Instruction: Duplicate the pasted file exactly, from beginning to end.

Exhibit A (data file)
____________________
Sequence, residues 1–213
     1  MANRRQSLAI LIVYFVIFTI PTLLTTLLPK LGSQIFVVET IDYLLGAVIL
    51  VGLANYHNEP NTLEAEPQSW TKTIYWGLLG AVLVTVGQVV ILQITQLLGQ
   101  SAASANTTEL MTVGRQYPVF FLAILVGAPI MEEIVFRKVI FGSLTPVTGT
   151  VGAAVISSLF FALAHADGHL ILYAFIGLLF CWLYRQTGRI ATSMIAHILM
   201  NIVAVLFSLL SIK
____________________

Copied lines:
Sequence, residues 1–213
     1  MANRRQSLAI LIVYFVIFTI PTLLTTLLPK LGSQIFVVET IDYLLGAVIL
    51  VGLANYHNEP NTLEAEPQSW TKTIYWGLLG AVLVTVGQVV ILQITQLLGQ
   101  SAASANTTEL MTVGRQYPVF FLAILVGAPI MEEIVFRKVI FGSLTPVTGT
   151  VGAAVISSLF FALAHADGHL ILYAFIGLLF CWLYRQTGRI ATSMIAHILM
   201  NIVAVLFSLL SIK